“College winter sports from 1982-1983 – 2011-2012 were associated with a total of 35 direct catastrophic injuries. The majority of these events were in ice hockey with 13 (37.1%),
basketball with ten (28.6%) followed by gymnastics with seven (20.0%), skiing and wrestling each with two (5.7%), and swimming with one (2.9%). There were also 63 indirect injuries (56 fatalities) during this time period. The majority were associated with basketball (n=43, 68.2%), followed by nine in swimming (14.2%), four in wrestling (6.3%), three in ice hockey (4.7%), and two in volleyball (3.1%), and one each for skiing and gymnastics (1.5%).

“High school wrestling accounted for the greatest number of winter sport direct injuries, but the injury rate per 100,000 participants was less than one for all three categories. High school wrestling has averaged approximately 244,000 male and 2,470 female participants each year. High school basketball and swimming were also associated with low direct injury rates.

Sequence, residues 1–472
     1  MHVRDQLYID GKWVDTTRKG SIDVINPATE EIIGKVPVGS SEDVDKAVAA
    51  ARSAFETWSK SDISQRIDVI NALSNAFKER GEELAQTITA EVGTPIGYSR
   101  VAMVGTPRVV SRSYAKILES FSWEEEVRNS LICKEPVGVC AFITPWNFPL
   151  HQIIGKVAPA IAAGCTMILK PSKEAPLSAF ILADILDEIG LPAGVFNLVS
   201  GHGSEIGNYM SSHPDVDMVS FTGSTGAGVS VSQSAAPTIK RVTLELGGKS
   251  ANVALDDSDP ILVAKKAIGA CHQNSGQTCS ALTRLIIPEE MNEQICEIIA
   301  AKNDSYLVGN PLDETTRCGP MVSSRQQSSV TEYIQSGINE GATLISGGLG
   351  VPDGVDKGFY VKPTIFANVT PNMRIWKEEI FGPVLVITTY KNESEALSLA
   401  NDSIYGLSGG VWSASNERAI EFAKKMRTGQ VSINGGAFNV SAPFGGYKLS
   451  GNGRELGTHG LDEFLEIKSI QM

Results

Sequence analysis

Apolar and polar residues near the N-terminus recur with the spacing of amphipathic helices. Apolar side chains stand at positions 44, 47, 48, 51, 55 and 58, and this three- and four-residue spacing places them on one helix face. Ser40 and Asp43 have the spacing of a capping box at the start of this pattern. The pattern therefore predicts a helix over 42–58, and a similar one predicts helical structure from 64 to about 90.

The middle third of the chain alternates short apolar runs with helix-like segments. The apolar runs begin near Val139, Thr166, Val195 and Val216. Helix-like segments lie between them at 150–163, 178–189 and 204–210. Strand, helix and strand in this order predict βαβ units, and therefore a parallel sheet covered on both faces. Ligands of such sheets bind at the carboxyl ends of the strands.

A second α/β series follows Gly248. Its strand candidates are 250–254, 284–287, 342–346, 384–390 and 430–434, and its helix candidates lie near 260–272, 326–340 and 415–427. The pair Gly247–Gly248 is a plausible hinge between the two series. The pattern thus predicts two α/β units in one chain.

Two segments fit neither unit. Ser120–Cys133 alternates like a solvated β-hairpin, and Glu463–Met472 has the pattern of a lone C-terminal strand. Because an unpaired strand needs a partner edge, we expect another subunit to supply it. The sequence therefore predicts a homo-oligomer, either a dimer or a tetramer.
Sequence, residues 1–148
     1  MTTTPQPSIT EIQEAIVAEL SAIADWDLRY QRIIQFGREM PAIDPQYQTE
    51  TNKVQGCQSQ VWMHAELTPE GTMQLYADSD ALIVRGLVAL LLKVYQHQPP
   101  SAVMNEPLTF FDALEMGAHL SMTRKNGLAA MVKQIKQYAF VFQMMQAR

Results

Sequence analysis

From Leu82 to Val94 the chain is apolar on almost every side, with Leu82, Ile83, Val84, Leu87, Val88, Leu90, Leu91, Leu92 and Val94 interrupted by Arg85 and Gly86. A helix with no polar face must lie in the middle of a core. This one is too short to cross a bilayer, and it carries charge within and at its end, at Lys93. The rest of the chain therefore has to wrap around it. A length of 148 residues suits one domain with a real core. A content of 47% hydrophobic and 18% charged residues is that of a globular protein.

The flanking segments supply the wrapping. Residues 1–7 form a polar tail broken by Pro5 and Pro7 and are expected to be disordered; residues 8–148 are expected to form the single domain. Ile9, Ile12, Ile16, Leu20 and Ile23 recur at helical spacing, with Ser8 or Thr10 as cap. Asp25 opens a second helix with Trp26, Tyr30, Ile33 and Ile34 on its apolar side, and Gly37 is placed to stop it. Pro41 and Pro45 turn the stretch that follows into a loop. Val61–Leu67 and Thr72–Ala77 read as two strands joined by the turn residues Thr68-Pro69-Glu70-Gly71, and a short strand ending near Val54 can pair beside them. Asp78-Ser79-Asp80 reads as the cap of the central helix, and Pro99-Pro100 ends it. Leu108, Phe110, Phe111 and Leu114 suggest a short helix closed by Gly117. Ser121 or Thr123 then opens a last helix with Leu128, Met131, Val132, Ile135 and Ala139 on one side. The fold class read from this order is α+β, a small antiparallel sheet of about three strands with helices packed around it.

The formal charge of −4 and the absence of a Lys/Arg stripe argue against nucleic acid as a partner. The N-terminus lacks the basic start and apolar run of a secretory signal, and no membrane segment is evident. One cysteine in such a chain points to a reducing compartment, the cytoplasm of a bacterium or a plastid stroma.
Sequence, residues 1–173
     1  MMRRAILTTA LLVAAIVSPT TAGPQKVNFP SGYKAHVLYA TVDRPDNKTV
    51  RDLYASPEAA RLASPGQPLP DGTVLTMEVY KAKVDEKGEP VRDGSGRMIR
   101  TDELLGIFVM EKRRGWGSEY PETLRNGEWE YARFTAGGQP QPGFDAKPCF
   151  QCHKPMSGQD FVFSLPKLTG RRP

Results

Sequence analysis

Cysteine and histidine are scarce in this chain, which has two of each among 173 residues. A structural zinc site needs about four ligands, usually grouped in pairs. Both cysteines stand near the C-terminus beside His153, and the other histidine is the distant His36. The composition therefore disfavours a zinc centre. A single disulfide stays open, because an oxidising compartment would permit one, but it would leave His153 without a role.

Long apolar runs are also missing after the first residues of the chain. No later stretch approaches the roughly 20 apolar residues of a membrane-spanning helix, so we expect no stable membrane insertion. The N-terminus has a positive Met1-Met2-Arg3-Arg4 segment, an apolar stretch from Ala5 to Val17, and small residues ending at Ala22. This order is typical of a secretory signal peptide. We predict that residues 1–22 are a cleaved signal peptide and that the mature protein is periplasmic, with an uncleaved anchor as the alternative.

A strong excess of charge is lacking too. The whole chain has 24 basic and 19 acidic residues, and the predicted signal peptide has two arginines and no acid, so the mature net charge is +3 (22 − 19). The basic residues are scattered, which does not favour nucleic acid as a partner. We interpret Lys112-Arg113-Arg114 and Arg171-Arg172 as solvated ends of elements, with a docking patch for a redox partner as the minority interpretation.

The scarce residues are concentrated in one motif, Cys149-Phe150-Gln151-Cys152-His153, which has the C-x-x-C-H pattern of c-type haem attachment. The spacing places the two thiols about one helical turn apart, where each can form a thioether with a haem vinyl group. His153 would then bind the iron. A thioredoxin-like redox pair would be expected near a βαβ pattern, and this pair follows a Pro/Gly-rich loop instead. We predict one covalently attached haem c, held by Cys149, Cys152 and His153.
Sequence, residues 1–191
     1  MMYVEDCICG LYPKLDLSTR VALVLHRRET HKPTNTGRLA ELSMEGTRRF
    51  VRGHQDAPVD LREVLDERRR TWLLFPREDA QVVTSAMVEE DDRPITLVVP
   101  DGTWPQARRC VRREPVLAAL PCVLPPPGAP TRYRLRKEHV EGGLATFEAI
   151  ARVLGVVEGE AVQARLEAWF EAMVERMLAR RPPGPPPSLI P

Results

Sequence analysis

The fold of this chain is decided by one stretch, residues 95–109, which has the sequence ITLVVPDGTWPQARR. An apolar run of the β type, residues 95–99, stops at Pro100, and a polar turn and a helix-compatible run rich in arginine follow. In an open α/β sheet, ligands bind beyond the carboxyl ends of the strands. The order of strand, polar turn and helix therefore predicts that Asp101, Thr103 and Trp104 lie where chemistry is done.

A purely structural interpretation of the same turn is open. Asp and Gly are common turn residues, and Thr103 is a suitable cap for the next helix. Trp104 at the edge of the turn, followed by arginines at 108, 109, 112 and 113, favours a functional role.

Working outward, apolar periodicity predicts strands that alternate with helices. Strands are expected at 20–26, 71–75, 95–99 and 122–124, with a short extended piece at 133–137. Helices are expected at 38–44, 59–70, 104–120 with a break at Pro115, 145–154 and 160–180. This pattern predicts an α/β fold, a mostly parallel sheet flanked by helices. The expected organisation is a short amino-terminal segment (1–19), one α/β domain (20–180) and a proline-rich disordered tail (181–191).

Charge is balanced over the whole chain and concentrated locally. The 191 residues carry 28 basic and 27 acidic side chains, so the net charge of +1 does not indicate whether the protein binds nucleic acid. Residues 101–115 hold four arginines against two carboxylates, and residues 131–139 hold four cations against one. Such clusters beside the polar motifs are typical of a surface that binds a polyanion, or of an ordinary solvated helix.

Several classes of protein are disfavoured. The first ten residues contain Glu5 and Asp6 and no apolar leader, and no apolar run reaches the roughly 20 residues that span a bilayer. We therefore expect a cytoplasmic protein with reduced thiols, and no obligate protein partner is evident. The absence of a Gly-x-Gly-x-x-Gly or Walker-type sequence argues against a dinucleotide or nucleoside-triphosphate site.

‘Indirect high school catastrophic injury rates, as indicated in Table XII, are all below one per 100,000 participants, with men’s basketball having the highest fatality rate (0.47)

“Injury rates for male college indirect fatalities were also high when compared to the highschool rates. Basketball had an injury rate of 7.66 fatalities per 100,000 male participants, skiing 5.30, ice hockey 0.87, and swimming 2.82. The year 1997-98 was the first year there were anyindirect fatalities in wrestling. These three deaths were due to heat stroke associated with wrestlers trying to make weight for a match. The indirect injury rate for wrestling was 1.98 per 100,000 participants.

“The female indirect injury rate for basketball was 1.53 per 100,000 participants, 0.77 for volleyball, 0.72 for swimming and 2.24 for gymnastics.

“There have been a total of 131 direct and 62 indirect catastrophic injuries to high school female athletes from 1982-83 – 2011-2012, which includes cheerleading. College females
accounted for 52 direct and 16 indirect catastrophic injuries (including cheerleading) for the same time period. The 131 high school direct injuries included four deaths, 56 disability, and 71 serious injuries. Stratified by sport, the greatest number of high school direct injuries were in cheerleading (over half at 63.3%), followed by gymnastics, track and field, softball, swimming, and basketball (Table 2). Of the 62 high school indirect catastrophic injuries, basketball had the